Edit: Alternatively I could leave it "as is," preparing myself for inevitable well-intentioned "well actually" statements that I will gently rebuff because the more options you give a beginner, the more they might fuss and deliberate over nuance while they would probably would be better served sticking to the more popular methodology.
     
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  9. Haha. Got the "thumbs up" while editing my post. Bad habit. I'll make the amendment. Thanks so much for your input. This is fun!
     
  10. Uial

    Uial Arachnopeon

    The Meal Plan: A good rule of thumb is to provide meals that are no larger than the Ts opisthosoma (abdomen). If you have small slings, you can chop up things like mealworms into smaller bits, or pop the legs off of crickets (like a drumstick). Mealworms and superworms like to burrow, and can snack on a molting T. Crush their heads. They will continue to squirm for a while regardless. Sometimes a T will not eat. This is rarely if ever a concern. A tarantula will not starve itself. It has either stored enough food for the time being or it will molt soon. This is a good thing, and not a sign of illness. When a tarantula is not receptive to food, one option is to kill it and leave it for the tarantula to scavenge. This is helpful for slings, and Ts who are not eating at the moment for whatever reason.

    I would add a note that they should remove the dead feeder after 24 hours because there can be a build-up of harmful bacteria if they are left in the enclosure for too long.
     
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  11. Agreed. Tweaked and added.
     
  12. Arachnophobphile

    Arachnophobphile Arachnopeon

    wingedcoatl, This is sweet, thanks for posting this. I think I realize that most people that are experienced T owners on these boards get flooded with beginner questions.

    So I am going to thank everyone for keeping patient and most of all taking the time to help beginners like myself because I know it's alot of work typing alot of information up by replying to many beginners or posting a guide. Thanks again for this post :)
     
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  13. Thekla

    Thekla Arachnoangel Active Member

    This is really great. :) Good job!

    You could add some links to important threads for some further questions that may arise:

    All you need to know about mold
    All you need to know about mites
    Tarantula Stuck in Its Molt? Look Here for Advice

    These were all made by our fabulous @boina :)


    And maybe there could be a small additional section about arboreals because IMO if cared for correctly Avics and their relatives can be beginner Ts as well. All you need to add are these two threads ;)

    Avicularia care by @Venom1080
    Avicularia husbandry by @viper69
     
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  14. I will definitely add these. Just gotta figure out how to make those links...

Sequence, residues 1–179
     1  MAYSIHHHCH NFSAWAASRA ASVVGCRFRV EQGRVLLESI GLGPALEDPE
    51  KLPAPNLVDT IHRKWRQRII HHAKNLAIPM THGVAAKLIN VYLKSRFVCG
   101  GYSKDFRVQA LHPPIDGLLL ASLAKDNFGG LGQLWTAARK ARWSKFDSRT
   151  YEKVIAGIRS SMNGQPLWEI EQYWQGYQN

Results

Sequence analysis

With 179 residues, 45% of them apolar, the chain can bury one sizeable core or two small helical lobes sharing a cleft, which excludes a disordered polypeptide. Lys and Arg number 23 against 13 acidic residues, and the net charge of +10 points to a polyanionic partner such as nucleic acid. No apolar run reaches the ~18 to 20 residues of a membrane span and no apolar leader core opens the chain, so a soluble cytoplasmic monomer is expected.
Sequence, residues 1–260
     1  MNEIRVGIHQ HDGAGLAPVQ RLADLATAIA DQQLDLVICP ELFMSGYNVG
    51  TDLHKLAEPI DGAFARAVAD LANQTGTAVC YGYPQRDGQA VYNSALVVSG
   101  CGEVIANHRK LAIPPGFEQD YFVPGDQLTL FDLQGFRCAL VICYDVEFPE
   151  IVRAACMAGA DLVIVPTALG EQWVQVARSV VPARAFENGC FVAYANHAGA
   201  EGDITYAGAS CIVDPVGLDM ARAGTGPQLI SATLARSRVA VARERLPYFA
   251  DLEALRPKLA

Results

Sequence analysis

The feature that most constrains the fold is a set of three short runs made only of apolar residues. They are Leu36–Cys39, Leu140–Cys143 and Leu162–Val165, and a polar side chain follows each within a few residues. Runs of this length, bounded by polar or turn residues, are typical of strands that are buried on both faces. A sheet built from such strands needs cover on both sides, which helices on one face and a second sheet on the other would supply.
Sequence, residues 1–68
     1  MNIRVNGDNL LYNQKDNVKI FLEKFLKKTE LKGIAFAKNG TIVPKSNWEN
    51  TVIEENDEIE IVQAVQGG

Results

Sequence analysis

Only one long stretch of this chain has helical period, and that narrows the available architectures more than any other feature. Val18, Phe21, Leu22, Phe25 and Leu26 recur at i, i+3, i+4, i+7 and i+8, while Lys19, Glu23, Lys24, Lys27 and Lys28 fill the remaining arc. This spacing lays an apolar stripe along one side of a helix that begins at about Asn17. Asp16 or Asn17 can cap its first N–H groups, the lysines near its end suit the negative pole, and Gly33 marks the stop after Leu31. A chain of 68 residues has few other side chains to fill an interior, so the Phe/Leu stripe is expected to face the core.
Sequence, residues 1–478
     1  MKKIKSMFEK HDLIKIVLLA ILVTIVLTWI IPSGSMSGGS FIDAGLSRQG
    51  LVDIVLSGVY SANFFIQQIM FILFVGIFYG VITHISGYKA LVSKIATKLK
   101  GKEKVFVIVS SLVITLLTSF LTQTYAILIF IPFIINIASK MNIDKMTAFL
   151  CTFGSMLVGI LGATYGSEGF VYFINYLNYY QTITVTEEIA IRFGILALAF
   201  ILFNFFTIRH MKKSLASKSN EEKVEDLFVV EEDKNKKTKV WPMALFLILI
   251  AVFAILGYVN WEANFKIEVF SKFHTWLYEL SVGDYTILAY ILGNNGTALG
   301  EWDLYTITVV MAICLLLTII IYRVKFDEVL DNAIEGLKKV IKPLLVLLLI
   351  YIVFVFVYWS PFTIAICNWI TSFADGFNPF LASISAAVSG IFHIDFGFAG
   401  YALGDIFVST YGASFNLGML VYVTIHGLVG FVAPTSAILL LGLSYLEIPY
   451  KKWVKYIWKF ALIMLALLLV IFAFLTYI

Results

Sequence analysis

Edit: Heh. Copy/paste worked. Thanks for your help!
     
    Last edited: Dec 29, 2018
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  15. The Grym Reaper

    The Grym Reaper Arachnotank Arachnosupporter

    I would edit the highlighted ones to:

    Any species from the Aphonopelma genus.
    Any species from the Brachypelma genus.
    Any species from the Grammostola genus.

    Also, if you're going to include Lasiodora spp. then you should have Acanthoscurria geniculata in there as they're exactly the same to care for but a million times prettier ;)

    If you want to use the following images to illustrate the regeneration process then you have my permission to do so.

    N. incei female lost her left side leg IV after a moult.

    Left side leg IV is partially regenerated after one moult, it appears somewhat skinny/discoloured compared to the opposite leg.

    Left side leg IV is fully regenerated after another moult.
     
    Last edited by a moderator: Dec 29, 2018
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  16. Rigor Mortis

    Rigor Mortis Arachnoknight Active Member

    This is great. Hopefully it will reduce the number of "what T is good for a beginner" threads we get around these parts. Not that a beginner asking that question is bad, but this is a really nice thing to have for those questions.
     
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  17. MintyWood826

    MintyWood826 Arachnobaron Active Member

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  18. Bigme213

    Bigme213 Arachnosquire

    Put it up as the first thing u have to read when joining
     
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  19. Mychajlo

    Mychajlo Arachnosquire

    I love the play on words for the title ( for the Harry Potter universe fans )
     
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  20. Nightstalker47

    Nightstalker47 Arachnoking Active Member